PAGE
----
By Ty Young
Melissa Halterman/Arizona Summer Wildcat
Jean Goreman, a Tucson resident and bicycle safety advocate, coordinates donations for the matthew Preston Memorial House. Goreman has been instrumental in the renovation effort, organizing furniture donation pickups and lending a hand in the physical restoration of the foundation.
Arizona Summer Wildcat
Wednesday July 16, 2003
When people call Melinda Preston's Tucson mobile phone number for the first time, some are taken aback by the voicemail message that greets them.
The voice is of Preston's son, Matthew, a University of Arizona biomedical graduate who was killed in October 2001 while riding his bicycle home from work. Although his voicemail message is simple and does not even mention his name, it means the world to his mother. Preston's decision to keep the mobile phone and the voicemail message has helped keep her son's memory alive for herself and anybody who calls.
Preston's decision to keep the mobile phone and the voicemail message has helped keep her son's memory alive for herself and anybody who calls.
Now, after repeated attempts to construct a roadside memorial were met with theft and vandalism, Preston has embarked on an ambitious memorial structure that will ensure that her son's memory in death will mirror his character in life.
A nurse practitioner at the Mayo Clinic in Scottsdale, Ariz., Preston is renovating a dilapidated house on the corner of North Tucson Boulevard and East Lester Street, near the spot where Matthew was killed. When complete, it will house between four and six University of Arizona medical students for discounted rates. Once the house is completely paid off, Preston plans on offering the house to medical students rent-free.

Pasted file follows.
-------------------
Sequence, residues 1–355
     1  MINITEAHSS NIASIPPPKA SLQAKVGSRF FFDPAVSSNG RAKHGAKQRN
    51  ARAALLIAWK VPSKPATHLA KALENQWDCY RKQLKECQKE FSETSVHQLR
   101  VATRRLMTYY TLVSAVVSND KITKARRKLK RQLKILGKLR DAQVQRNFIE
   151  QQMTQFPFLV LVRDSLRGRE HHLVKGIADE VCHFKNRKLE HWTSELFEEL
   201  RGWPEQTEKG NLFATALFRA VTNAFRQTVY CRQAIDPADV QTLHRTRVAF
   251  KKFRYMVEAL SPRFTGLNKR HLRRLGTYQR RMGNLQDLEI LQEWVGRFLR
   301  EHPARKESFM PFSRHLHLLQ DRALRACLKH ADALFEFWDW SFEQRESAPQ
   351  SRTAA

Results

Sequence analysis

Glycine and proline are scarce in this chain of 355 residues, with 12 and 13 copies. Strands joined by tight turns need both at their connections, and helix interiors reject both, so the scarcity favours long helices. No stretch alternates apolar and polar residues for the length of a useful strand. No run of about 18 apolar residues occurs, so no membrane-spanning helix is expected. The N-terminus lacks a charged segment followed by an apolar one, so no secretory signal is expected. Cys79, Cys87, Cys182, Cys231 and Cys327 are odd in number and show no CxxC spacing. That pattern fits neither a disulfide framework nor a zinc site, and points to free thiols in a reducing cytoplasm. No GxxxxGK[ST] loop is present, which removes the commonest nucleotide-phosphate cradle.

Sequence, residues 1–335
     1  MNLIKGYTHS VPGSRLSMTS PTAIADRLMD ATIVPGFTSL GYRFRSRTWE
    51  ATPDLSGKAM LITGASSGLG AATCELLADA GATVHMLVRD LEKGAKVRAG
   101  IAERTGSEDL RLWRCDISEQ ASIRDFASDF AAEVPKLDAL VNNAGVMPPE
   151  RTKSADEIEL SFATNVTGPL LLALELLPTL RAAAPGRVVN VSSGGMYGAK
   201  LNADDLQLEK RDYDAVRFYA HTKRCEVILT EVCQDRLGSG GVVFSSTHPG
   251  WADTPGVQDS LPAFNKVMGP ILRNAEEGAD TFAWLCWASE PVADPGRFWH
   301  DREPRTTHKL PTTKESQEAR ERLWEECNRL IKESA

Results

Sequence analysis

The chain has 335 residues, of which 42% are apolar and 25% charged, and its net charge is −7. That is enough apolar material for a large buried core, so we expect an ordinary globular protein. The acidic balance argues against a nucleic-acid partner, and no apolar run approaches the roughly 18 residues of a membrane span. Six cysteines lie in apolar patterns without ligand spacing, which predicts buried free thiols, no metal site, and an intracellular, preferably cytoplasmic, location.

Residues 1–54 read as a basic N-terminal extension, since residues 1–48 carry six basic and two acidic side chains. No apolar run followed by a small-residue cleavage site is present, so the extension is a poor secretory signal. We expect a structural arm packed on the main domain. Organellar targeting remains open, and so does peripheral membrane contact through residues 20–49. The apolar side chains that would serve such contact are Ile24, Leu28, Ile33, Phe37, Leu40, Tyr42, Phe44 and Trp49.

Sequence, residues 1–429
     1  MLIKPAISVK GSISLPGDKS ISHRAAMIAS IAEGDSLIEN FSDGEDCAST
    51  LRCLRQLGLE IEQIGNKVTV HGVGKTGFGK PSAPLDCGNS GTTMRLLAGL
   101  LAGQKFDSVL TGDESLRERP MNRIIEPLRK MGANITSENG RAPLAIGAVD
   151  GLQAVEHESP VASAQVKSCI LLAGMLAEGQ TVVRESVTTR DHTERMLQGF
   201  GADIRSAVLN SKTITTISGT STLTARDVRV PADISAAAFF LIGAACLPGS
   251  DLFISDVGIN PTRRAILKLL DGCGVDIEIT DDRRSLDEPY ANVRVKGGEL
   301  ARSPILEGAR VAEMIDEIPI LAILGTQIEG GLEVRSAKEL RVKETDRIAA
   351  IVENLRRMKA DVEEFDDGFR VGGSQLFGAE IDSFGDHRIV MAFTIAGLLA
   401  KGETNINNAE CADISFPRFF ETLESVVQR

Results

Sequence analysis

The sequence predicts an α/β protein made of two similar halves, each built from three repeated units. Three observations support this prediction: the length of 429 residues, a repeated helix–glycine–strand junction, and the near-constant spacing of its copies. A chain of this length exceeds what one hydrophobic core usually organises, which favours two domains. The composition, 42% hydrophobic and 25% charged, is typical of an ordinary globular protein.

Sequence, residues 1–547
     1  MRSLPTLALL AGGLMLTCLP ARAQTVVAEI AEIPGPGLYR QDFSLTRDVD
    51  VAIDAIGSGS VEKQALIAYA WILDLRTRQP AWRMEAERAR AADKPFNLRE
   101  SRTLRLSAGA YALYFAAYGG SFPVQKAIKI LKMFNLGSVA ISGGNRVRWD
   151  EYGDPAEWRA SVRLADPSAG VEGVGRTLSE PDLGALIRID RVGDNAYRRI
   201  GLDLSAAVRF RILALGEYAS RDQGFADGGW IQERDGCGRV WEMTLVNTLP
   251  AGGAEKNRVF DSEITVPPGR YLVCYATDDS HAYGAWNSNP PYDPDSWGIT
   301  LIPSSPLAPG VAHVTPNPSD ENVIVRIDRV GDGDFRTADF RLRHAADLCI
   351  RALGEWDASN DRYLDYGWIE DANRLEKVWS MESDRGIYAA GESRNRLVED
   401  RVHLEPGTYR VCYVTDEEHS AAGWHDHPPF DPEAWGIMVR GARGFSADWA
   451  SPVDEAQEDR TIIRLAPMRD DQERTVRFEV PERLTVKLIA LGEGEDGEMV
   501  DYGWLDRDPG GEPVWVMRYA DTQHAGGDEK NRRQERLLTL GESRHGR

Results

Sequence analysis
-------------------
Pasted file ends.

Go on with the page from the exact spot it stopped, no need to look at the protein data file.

Preston said this act of kindness is the perfect way to honor her son.
"Matthew was after something and I wanted to help other students who are after something as well," she said.
What he was after was a genetics degree at the UA. Preston said the degree was the route her son chose in order to reach his ultimate intention, to help other people's lives. As a firefighter for the Northwest Wildland Fire District of Tucson and a registered emergency medical technician, Matthew was well on his way to his goal of helping others.
"Matthew was after something, and I wanted to help other students who are after something as well.
Given his character and ambitions, Preston said her son deserved a proper memorial, one that would not be desecrated by vandals.
"It broke my heart to see his memorial vandalized," she said. "It was so horrible to see, given what kind of person Matthew was."
This is the second house that Preston owns in Tucson. The first was Matthew and his fiancˇe's, which Preston purchased to "give Matthew the home he deserved."
Just before his death, Matthew invited a fellow UA medical student to live there for free. Preston still rents the house to one of her son's friends, but said the money received in the lease barely meets the bills.
"With the work I'm doing on (the memorial) and the cost of the other house, I'm digging quite a hole," she said.